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Future of popular agricultural college hangs in the balance

Students at a popular North West college are facing an uncertain future, following news of an independent strategic review into Newton Rigg, Penrith.

The review of the college is to be carried out by the Department for Education at the request of Askham Bryan authorities, who have run the college since 2011, and will look into the operational running of the establishment.

 

Dr Tim Whitaker, chief executive officer and principal at Askham Bryan College, said ‘staff, students and external stakeholders have been informed of the decision’.

 

He said: “The governing body will consider the findings and decide what further action is needed, once the review is completed. The review is anticipated to conclude in May.”

 

The news of the college’s uncertain future is likely to have come as a shock to the North West rural community since recent years have seen considerable investment at the college complex, with the creation of a new dairy unit costing £2.4 million and a national centre for the uplands costing £430,000.

 

A feasibility study into the potential options for campus development was also announced last year.


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Adam Day, managing director of the Farmer Network, an organisation based at the campus, shared on Facebook that the loss of the college would be ‘damaging not only for the farming community but for the wider rural communities of Cumbria’.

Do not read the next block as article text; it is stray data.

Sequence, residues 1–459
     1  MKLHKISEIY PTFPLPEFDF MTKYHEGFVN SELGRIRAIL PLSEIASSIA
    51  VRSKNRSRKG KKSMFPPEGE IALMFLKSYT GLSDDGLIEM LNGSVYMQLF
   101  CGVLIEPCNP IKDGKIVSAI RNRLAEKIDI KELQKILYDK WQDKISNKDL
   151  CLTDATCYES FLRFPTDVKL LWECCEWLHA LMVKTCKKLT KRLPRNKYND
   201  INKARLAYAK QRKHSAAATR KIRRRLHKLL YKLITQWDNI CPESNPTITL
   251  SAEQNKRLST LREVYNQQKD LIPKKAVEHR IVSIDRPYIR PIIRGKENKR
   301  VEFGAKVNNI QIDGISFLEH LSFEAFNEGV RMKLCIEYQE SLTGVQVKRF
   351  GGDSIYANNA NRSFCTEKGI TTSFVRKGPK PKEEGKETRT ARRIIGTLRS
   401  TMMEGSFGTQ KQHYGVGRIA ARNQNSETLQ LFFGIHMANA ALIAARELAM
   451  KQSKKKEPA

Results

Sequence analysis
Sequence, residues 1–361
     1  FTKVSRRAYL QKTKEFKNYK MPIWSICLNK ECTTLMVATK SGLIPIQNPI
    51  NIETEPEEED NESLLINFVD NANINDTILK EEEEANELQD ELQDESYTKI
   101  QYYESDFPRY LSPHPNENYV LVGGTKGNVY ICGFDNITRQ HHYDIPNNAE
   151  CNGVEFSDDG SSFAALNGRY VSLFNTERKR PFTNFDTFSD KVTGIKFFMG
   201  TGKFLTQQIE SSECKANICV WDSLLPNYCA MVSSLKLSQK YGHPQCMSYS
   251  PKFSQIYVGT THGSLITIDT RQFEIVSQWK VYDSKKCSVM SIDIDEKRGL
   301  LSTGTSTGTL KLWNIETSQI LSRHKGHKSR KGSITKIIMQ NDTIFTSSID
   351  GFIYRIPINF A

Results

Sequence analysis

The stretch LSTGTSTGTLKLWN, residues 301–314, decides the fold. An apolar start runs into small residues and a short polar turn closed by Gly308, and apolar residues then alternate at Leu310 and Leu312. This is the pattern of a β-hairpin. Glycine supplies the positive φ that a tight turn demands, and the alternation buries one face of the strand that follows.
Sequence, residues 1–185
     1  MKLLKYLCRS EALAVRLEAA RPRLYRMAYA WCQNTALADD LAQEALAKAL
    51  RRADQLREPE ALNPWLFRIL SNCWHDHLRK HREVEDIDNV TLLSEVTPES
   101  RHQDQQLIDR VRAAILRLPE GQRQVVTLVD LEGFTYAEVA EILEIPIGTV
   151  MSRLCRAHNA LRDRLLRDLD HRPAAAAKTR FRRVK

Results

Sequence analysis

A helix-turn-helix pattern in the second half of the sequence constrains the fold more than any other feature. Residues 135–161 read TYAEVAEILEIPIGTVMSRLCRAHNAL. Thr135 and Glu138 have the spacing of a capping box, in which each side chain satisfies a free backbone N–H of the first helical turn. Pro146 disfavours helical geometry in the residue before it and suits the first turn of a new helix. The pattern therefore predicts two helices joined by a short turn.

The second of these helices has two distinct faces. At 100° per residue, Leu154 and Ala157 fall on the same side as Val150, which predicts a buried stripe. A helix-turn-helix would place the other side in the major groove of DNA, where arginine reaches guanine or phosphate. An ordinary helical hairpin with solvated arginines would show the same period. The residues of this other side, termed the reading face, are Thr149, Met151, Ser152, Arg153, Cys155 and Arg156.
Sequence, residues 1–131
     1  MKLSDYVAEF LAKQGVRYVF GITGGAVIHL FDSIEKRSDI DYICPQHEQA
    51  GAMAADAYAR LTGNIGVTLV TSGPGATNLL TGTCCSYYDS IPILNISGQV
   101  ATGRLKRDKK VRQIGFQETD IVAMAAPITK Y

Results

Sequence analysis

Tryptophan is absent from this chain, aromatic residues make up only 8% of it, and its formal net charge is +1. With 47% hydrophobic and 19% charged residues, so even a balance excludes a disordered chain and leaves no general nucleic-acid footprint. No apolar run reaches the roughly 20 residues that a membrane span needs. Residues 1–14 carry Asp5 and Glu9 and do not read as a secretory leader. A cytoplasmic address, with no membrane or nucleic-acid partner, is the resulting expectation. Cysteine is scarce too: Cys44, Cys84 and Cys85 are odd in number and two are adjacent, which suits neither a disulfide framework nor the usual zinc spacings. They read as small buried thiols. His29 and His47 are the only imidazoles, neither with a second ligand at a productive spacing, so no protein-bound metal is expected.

He said: “Our young people entering the industry at this time of change need to do so with confidence and relevant training, and a local seat of learning will be the fulcrum to ensure this.

 

“I fully understand that there are huge financial pressures in the further education sector but I sincerely hope we do not lose Newton Rigg as a respected and trusted seat of learning in Cumbria.

 

“It will be a huge detriment to our country, our communities and our businesses if we do.”

 

Former gamekeeping and countryside management student, Jack Depledge, posted on Facebook that it would be a ‘real loss to the rural education system if Newton Rigg were to close.’

 

“As a former student, it is unclear to me why the future of such an education provider is at risk, since the modern, diverse education of future students at Newton Rigg is integral to the sustainable management of the UK countryside and wildlife,” he said.

 

The college has reassured its 820 students and apprentices that courses for the academic year 2019/20 will continue as planned.

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